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Chinatown Chicago Illinois United States
Chicago

The Chinatown neighborhood in Chicago, Illinois, is on the South Side (located in theArmour Square community area), centered on Cermak and Wentworth Avenues, and is an example of an American Chinatown, or ethnic-Chinese neighborhood. By the 2000 Census, Chicago Primary Metropolitan Statistical Areas has 68,021 Chinese. Chicago is the second oldest settlement of Chinese in America after the Chinese fled persecution in California.

Chinatown should not be confused with an area on the city's North Side sometimes referred to as "New Chinatown", which is centered around Argyle Street and is somewhat of a misnomergiven that it is largely represented by people of Southeast Asian heritage.

http://en.wikipedia.org/wiki/Chinatown,_Chicago



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More About Chicago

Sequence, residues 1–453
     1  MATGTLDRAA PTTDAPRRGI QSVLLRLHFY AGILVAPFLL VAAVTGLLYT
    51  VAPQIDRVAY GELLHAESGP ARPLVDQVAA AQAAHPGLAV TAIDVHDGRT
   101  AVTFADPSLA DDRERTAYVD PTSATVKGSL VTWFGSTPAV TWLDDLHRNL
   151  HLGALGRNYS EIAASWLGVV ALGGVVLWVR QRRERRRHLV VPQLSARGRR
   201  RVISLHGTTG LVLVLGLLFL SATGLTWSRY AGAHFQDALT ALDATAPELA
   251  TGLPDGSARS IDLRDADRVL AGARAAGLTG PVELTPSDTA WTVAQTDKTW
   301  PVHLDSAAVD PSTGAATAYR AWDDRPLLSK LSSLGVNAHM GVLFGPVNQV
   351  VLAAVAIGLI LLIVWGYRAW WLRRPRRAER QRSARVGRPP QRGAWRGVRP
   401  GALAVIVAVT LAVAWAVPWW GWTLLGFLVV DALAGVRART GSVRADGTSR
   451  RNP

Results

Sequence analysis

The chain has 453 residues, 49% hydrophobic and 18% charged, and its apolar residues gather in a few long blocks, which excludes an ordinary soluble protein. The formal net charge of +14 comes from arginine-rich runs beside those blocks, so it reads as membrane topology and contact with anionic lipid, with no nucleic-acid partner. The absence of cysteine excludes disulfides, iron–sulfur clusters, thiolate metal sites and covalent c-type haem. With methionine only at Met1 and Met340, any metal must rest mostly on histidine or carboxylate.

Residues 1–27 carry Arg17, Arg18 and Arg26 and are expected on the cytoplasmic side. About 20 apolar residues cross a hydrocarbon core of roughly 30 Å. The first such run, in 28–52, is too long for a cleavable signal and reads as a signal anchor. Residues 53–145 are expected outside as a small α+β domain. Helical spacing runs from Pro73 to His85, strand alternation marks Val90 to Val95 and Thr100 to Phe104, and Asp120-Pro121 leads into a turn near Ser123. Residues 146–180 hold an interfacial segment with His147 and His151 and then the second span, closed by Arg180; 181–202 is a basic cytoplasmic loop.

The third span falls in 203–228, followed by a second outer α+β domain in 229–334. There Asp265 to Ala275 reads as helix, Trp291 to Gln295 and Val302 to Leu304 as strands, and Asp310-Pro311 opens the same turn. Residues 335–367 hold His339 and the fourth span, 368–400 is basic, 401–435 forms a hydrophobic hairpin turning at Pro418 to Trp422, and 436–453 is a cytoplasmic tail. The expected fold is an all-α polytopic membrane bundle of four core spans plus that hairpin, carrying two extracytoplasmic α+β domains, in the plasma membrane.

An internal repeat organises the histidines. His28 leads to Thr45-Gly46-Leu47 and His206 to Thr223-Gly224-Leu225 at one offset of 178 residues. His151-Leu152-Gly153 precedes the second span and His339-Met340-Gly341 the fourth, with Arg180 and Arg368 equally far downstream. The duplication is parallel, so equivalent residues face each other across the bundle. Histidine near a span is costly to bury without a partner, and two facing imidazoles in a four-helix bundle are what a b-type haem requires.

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As they say, location is everything, and Chicago used its central position to become the primary railroad hub linking the eastern and western United States. Nice one. This allowed such later innovations as mail-order retailing and the Pullman sleeping car.The eastern states in the U.S. were settled on foot and on horseback, but the western states were laid out by railroad. Just look at the straight lines on the map and you'll see. Except where a state has a river for one of its borders, it's all surveyors and transits making those long cuts across the open terrain.Cowboys drove herds of cattle across these plains and ended up in the Chicago stockyards. The advent of refrigerated rail cars opened up the potential of shipping butchered meat across long distances, and the beef industry took off running, trampling several vegetarians in its path.Along with the beef industry comes a lot of cow poo (bullshit, people) and Chicago took some rather extreme measures to deal with it. First, the city built the inaugural United States sewage system and directed the "runoff" into the Chicago river, so it could go out into the lake and stop stinking up the place.Oops! The steers were smuggling so much poo into Chicago that it began polluting the city's fresh water supply, which also came from the lake. Human growth thus officially surpassed Nature's capacity for filtration and detoxification. There was too much manure for the lake to handle.Stop the cattle money train, what are you nuts? Let's go BIG! The Chicagoan solution to this problem was to reverse the flow of the Chicago river by connecting it to the Mississippi with a canal, and send the dirty doo-doo downstream. The Illinois-Michigan canal was the result, running from Lake Michigan to the Mississippi River for barges going south to the Gulf of Mexico. Barges and fertilizer. Smells like money to me, boy! Transportation to the southern statesThen what happened? The Chicago Fire struck in 1871 and destroyed a third of the city, the business district included. Rebuilding in style, Chicago erected the world's first skyscraper, the Home Insurance Building. This was so revolutionary that it launched an entire school of architecture.Chicago is famous in American culture for a few other fun inventions, such as the 1893 World's Fair, Al Capone the gangster, and the Manhattan Project which created the world's first controlled nuclear reaction.The bustling economy and central location placed Chicago at a crossroads for American music and culture. Black Americans coming up from the South in the 1920's brought jazz and blues music with them, and three generations later that same spirit sprung back out to become house music, invented by Jesse Saunders and Frankie Knuckles among other geniuses.Getting ThereThree big ones: O'Hare, Midway and Gary-Chicago Internatonal Airports. O'Hare is one of the busiest in the world, claiming to be number two on the list amidst hot contention in a world-wide battle to the finish.You can use Chicago's excellent public transportation to get from the airports into the city, or take a shuttle bus, taxi or private limousine. Here are some maps.TransportationGetting around within Chicago is easy. The whole system is called the Chicago Transit Authority or CTA. They offer an elevated train (commonly called the "L"), commuter trains and buses. Fares are $2 per ride.The city is laid out in a grid with its center being the intersection of State and Madison streets. From there, the addresses radiate outwards with numbers increasing in increments of 100 per block -- a bike messenger's dream come true.And Chicago is one of the most biker-friendly cities in the U.S. Even a city-sponsored bike map!People and CultureDiversity is the word. Black, white, hispanic, it's all mixed up here. 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